Format: Hardback, First Edition, 2010
Reading Time: about 8 hours
It’s been 500 years since Hawk led humans and elves into the valley protected by the magic of the Gypsy Morph, a magic bestowed by The Word, as the rest of the world was pummeled by nuclear and chemical attacks. Now that magic is fading, and it’s time for the inhabitants of the valley to adapt to the new environment that has been formed, or perish.
Brooks remains an easy pleasure for me to read. His style is simplistic and provides just enough detail, and lately his stories have moved along at a fairly rapid clip. After reading an intense, dark read like Steven Erikson, reading Brooks is a nice change of pace. Having said that, I struggled with this story. It’s not that Bearers is a difficult read, but I really struggled with interest level. The story to me just wasn’t compelling. Once again we have recycled characters – Sider is the precursor to druids, Phryne is your typical elf, and Pan is like any Ohmsford. Deladion Inch is probably the most interesting character, but is not really fleshed out enough. Also Phryne’s storyline was incredibly predictable. I knew what her role was early on, because her storyline was so boring that I knew she had to be there for a reason. And I was right.
The “bad guys” I found lacking. A scheming human and a scheming elf, along with an army of trolls make up the villian, and they’re quite uninspired. The consistency of the trolls is laughable. There is a scene where one of the characters tries to free Prue from the troll camp. Before and during the rescue, the trolls allow the rescuer to live, which makes no sense, and then during the rescue attempt they are too incompetent to stop the rescuer. But later, as the rescuer flees, the trolls suddenly become able to track the rescuer for miles, through water no less, and then are presented as competent and deadly. This is in direct contrast to their actions in the troll camp.
To make matters worse, the whole “Prue is a hostage while Pan is released” makes no sense based on the troll actions I just described. If the trolls are such great trackers, why not let Prue and Pan go, track them through the pass while the army follows, and then the army marches in unopposed and destroys everyone? Of course, this wouldn’t make for a good story, so we’ve got to give the valley people a chance to build defenses. It’s the sort of logic that makes you think Brooks either didn’t think the story through, or didn’t care.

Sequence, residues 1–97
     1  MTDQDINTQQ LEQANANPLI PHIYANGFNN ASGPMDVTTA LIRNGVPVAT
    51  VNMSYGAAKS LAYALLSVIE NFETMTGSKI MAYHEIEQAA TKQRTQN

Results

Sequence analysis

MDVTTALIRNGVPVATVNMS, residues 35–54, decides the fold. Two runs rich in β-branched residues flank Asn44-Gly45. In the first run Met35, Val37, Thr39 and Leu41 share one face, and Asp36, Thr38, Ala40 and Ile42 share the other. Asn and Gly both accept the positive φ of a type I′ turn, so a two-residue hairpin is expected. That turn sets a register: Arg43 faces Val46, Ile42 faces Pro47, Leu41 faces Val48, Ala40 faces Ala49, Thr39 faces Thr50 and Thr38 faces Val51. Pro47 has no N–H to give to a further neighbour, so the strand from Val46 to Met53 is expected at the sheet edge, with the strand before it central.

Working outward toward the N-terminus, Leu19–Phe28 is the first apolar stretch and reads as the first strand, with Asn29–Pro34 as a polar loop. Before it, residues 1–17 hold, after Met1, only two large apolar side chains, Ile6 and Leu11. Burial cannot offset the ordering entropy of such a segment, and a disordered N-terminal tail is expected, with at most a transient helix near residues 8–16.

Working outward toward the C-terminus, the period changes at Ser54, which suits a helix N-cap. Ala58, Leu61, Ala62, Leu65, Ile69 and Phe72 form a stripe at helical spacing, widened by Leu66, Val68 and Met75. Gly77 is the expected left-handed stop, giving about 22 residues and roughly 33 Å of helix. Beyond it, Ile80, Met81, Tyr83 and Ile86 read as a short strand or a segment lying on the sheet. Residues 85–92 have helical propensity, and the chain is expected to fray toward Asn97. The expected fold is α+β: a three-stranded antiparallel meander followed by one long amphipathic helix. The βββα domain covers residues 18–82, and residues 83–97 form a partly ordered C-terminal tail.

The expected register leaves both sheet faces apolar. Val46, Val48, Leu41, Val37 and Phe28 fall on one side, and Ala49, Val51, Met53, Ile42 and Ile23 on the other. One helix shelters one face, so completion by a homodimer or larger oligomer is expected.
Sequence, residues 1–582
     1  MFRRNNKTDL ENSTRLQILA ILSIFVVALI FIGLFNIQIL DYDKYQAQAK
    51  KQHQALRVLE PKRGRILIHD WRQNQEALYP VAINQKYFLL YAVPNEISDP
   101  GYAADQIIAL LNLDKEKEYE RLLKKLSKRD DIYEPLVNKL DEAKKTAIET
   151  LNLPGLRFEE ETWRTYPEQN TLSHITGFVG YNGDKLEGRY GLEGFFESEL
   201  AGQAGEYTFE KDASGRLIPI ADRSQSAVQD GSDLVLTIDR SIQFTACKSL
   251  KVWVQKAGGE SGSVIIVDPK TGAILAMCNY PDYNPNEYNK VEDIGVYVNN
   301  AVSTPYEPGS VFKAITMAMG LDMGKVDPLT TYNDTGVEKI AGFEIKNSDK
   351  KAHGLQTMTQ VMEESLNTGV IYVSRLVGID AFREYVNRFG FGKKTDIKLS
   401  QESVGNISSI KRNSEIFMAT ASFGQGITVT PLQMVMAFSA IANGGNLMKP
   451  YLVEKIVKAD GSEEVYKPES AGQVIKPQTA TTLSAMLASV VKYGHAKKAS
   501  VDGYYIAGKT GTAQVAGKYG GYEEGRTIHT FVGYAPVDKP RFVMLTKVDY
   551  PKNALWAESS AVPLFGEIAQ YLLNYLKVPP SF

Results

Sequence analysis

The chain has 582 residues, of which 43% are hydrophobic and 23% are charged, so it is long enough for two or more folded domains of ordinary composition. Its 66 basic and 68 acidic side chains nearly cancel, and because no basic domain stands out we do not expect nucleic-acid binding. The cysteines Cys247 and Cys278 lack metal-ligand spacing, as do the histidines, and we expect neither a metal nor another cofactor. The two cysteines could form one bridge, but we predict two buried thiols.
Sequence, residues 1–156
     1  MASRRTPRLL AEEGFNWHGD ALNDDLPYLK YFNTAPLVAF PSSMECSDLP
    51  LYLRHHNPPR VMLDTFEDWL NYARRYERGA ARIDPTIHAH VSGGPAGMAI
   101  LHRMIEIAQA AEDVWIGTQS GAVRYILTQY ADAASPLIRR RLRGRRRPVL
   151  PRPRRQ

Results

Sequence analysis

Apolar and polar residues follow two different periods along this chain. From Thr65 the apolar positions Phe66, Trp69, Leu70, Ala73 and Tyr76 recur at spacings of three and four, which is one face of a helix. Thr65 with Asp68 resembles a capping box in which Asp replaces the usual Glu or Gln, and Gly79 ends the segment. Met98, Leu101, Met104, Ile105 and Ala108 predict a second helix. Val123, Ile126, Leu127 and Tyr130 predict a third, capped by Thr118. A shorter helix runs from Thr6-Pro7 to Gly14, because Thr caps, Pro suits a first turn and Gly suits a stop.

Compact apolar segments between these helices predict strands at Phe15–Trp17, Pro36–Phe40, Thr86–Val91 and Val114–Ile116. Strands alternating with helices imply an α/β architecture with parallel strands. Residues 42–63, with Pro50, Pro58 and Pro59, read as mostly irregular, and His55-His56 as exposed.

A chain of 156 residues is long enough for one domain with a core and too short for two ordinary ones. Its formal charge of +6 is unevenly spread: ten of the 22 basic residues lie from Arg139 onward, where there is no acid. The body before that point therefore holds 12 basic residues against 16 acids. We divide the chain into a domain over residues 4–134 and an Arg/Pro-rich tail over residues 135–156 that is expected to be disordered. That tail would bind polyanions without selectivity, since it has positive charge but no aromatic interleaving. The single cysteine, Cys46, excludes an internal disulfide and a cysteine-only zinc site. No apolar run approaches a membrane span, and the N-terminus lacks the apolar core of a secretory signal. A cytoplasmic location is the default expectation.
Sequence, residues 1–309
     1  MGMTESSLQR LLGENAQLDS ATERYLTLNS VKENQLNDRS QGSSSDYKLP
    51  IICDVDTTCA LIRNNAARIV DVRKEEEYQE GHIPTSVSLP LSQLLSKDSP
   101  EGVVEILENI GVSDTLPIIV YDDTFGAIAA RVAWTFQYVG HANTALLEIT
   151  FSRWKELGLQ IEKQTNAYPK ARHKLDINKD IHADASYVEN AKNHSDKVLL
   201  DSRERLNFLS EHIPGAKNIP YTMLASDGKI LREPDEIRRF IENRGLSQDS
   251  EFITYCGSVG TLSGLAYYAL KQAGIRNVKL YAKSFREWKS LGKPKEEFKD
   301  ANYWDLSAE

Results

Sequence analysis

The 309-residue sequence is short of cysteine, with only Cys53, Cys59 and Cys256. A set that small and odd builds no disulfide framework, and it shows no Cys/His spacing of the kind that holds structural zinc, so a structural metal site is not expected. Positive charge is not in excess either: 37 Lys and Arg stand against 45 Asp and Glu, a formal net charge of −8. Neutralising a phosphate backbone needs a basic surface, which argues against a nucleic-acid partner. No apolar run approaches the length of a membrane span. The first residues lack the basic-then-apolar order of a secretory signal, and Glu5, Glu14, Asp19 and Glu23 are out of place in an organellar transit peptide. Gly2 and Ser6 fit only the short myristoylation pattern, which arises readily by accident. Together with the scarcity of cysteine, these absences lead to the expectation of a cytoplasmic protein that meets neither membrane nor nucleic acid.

And here is where we get to the root problem of the story. Besides the shallow characterizations, I found it really hard to care about the plot. Because Brooks focuses on the main protagonists and the evil-doers, I never got a sense of why I should care about the valley being saved. We aren’t shown but a few minor characters, and so all the people in the valley remain nameless and faceless. It seems that most humans are ruled by the teachings of the cult known as the Children of the Hawk. The elves seem more noble, but have abandoned magic. So why exactly do I care about the people in the valley?
There is a deeper cause related to the ambivalence I feel about the characters, and that is Brooks dodges questions relating to characters and plot that he has created, instead focusing on what he needs to get the story out. What has happened to the Word and the Void? What has happened to the King of the Silver River? What has happened to the Ellcrys, and where are all the demons it will eventually imprison? Why was the protective magic of the valley only good for 500 years? Why was it so important for Hawk to save these people when the end result is they slip into the teachings of a cult? Maybe some of these questions will be answered in the sequel, but based on my experience with the previous series, I doubt Brooks will ever bother explaining these things – they just exist to move the plot along when he needs them to.
I did have to say I was a little surprised by the ending. Some good guys bite the dust, while not a single bad guy goes down. It’s an abrupt, cliff-hanger ending that is designed to set up the sequel. I’ll buy the sequel to finish the story, even though I have an idea about what’s going to happen. This book is also shorter, at 353 pages, than the Gypsy Morph was, at 402.
In conclusion I was disappointed with the story, mainly for the reasons I’ve described above. I really liked the Gypsy Morph, but Bearers of the Black Staff pales in comparison. There were elements of the story I liked, and I did like the backstory of Sider, which is presented in a series of flashbacks. But my overall feeling is less than satisfied – I know Brooks is capable of more.